Especially when working on larger panels, we recommend having a friend help you hold the vinyl. Once you have every piece cut and laid out, hold the sheet stretched out and remove the back of the sheet.
While it might be tempting to start from one edge of the panel and work towards the other side, it’ll actually be easier to remove any air pockets and wrinkles if you start from the center. While one person holds the sheet from above, gently press the vinyl into the center of the panel and begin to press the sheet onto the panel with the squeegee, away from the center.
Use the heat gun you have to keep the vinyl warm, remember that GunSkins vinyl is heat stretch, not heat shrink, so keeping it warm while applying will make the process much easier.
Smooth Out Your Edges
Air bubbles are important to smooth out while working in the main portion of the panel, however, the edges are just as critical. Use the squeegee and patience to make sure every nook and cranny is properly covered by the vinyl before using the knife to remove any excess.
Allow the vinyl to wrap slightly around the edges of each panel so that it disappears around the corner, then gently hold your knife and run it down the edge slowly and smoothly, cutting off the excess and hiding the edge on the backside of the panel.
How To Know How Much Vinyl You Need
Because your car obviously isn’t a flat square, it might seem a little tricky to figure out how much vinyl you’ll need to cover it. Use a measuring tape and get a general estimate before ordering so that you don’t under or overshoot your purchase, but as a general rule of thumb, it’s better to have more than you need than less.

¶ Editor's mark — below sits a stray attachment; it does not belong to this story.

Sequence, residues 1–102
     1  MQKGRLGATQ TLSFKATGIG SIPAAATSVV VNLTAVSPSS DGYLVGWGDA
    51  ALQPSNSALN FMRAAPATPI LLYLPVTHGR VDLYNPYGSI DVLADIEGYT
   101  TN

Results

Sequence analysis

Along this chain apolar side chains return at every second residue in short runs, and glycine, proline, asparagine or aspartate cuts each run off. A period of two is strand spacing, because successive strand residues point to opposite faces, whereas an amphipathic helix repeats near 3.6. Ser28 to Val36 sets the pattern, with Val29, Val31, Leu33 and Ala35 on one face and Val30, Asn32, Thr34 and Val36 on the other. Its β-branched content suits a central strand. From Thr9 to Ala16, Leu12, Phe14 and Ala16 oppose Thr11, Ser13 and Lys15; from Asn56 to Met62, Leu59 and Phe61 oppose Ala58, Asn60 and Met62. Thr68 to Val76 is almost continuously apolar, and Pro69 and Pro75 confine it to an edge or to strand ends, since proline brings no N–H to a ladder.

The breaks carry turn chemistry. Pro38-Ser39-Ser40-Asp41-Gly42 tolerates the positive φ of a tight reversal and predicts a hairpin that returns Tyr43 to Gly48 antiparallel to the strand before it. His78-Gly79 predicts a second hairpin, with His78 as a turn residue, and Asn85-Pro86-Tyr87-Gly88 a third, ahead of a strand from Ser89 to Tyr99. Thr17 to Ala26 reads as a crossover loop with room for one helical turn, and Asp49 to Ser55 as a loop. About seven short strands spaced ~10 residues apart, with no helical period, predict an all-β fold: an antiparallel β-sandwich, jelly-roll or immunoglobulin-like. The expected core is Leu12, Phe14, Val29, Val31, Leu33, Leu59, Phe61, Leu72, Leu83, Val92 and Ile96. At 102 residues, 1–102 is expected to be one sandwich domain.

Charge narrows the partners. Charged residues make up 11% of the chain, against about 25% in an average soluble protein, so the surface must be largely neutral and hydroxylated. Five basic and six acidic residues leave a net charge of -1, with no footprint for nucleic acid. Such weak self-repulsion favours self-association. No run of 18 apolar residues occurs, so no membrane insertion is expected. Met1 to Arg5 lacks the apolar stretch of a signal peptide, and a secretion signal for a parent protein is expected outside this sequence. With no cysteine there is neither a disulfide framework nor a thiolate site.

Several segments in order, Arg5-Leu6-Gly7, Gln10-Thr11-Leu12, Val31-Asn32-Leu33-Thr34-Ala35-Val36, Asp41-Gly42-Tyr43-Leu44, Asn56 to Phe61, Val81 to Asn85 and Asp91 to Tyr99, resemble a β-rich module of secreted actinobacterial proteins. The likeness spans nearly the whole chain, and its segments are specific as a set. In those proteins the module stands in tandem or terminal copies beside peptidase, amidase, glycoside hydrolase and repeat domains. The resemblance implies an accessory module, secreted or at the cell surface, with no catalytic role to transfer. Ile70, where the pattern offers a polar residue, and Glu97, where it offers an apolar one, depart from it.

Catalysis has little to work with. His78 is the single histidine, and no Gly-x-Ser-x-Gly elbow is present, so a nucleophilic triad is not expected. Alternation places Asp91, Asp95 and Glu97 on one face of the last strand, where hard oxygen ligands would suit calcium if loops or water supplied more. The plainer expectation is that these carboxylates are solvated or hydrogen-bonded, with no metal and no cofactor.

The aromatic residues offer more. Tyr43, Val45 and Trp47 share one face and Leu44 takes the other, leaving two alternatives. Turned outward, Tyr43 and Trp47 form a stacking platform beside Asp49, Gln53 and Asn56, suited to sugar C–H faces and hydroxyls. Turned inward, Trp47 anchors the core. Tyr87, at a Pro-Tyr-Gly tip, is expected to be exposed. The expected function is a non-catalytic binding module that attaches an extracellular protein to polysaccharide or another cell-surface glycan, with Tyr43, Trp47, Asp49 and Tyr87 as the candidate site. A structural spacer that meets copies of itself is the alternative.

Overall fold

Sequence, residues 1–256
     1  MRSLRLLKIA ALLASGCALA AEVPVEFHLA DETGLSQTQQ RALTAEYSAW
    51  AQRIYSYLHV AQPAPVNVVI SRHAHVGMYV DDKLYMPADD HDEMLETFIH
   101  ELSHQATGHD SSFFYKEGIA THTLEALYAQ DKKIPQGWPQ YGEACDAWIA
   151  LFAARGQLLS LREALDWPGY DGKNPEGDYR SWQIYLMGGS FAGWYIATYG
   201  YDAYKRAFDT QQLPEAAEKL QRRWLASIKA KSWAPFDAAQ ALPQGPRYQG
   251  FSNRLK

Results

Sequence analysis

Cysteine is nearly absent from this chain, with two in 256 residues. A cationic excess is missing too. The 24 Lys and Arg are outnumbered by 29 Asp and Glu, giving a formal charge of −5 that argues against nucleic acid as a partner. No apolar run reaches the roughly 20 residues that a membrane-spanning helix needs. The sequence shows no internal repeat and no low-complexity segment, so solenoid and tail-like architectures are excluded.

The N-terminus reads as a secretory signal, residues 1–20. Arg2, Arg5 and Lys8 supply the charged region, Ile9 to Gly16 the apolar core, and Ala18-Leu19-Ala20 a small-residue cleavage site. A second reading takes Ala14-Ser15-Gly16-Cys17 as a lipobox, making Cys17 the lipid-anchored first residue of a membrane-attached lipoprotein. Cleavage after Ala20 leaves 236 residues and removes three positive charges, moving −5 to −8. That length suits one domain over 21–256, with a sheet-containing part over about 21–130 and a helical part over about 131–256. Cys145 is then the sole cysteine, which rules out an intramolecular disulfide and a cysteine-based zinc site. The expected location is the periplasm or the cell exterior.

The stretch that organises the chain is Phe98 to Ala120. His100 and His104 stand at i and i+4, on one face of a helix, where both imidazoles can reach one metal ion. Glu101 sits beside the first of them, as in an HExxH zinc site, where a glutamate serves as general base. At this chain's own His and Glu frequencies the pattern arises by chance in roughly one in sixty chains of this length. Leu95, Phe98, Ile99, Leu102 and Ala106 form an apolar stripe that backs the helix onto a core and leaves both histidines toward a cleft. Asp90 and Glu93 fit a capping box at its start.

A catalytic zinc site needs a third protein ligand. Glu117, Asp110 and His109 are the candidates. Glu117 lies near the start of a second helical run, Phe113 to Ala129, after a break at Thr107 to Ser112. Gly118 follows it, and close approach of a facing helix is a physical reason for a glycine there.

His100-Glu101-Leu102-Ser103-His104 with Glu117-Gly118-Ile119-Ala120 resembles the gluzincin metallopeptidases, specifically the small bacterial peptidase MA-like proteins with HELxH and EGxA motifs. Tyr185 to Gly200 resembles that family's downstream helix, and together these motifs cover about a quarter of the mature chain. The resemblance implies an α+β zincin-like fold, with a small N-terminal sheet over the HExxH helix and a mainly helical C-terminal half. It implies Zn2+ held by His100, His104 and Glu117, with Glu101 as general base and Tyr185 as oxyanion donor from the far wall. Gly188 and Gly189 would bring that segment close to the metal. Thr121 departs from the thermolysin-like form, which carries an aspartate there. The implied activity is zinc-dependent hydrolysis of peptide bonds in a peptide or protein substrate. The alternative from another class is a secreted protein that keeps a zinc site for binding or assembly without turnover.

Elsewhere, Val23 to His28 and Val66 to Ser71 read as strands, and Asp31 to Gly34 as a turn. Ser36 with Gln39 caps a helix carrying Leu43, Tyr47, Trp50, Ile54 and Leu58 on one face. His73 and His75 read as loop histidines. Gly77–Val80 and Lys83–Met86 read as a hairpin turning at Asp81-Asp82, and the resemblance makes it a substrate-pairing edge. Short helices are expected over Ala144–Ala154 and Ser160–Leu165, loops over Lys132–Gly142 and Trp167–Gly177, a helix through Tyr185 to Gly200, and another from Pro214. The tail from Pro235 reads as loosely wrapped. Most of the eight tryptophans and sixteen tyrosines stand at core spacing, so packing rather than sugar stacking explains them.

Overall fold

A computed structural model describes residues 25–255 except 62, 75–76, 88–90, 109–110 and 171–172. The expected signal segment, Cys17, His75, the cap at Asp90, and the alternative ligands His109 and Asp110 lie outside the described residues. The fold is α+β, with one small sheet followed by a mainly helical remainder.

Imagine that your car is a box and measure each side individually. Your hood and top will likely be the easiest parts to measure since they are one large piece. GunSkins Large Sheets come in 24x50-inch pieces and you’ll need to get enough to cover everything that isn’t glass or mirror.
Tips To Get the Best Wrap
Wrapping your car can be easier than painting it, however, to get the process and finish just right there are a few tips to keep in mind. The main thing you’ll need is patience. Taking your time to get the wrap just right will help you avoid air pockets and wrinkles, giving you a phenomenal-looking wrap.
Start on a Smaller Panel
If this is your first time wrapping a car, it might seem a little intimidating. To build confidence and experience you can always practice on smaller items like a holster, but if you just want to jump into the car work then we recommend beginning with a smaller panel on your car.
This will give you a good feel of the vinyl and the process so that when you start lining up sheets on the hood you’ll feel ready to go.
Work on a Warm Day
GunSkins vinyl works best in warm conditions, so working on a comfortably warm day is going to be prime. If it’s too cold out the vinyl won’t stretch properly and you’ll have to do a lot of work with the heat gun, too hot and you might struggle to keep the vinyl right where you want it.
Remove Any Attachments and Do Them Later
Things like hood ornaments or bike rails shouldn’t be too difficult to remove, but they will be a major pain to wrap while on your car. Do yourself a favor and remove them before wrapping. If you can’t remove the emblem, wrap it and then carefully work around it with the Exacto knife.
Wrap Works Best on Good Paint
While vinyl can cover up a bad paint job, the material will have a harder time sticking to rust damage than it will a solid coat. That goes for any other damages as well.
While the pattern can cover any surface on your car's exterior, if you have any dents or scratches the vinyl will sink into these and show them, so while a great pattern might slightly distract from things like this, don’t expect to be able to cover up any rough spots with these.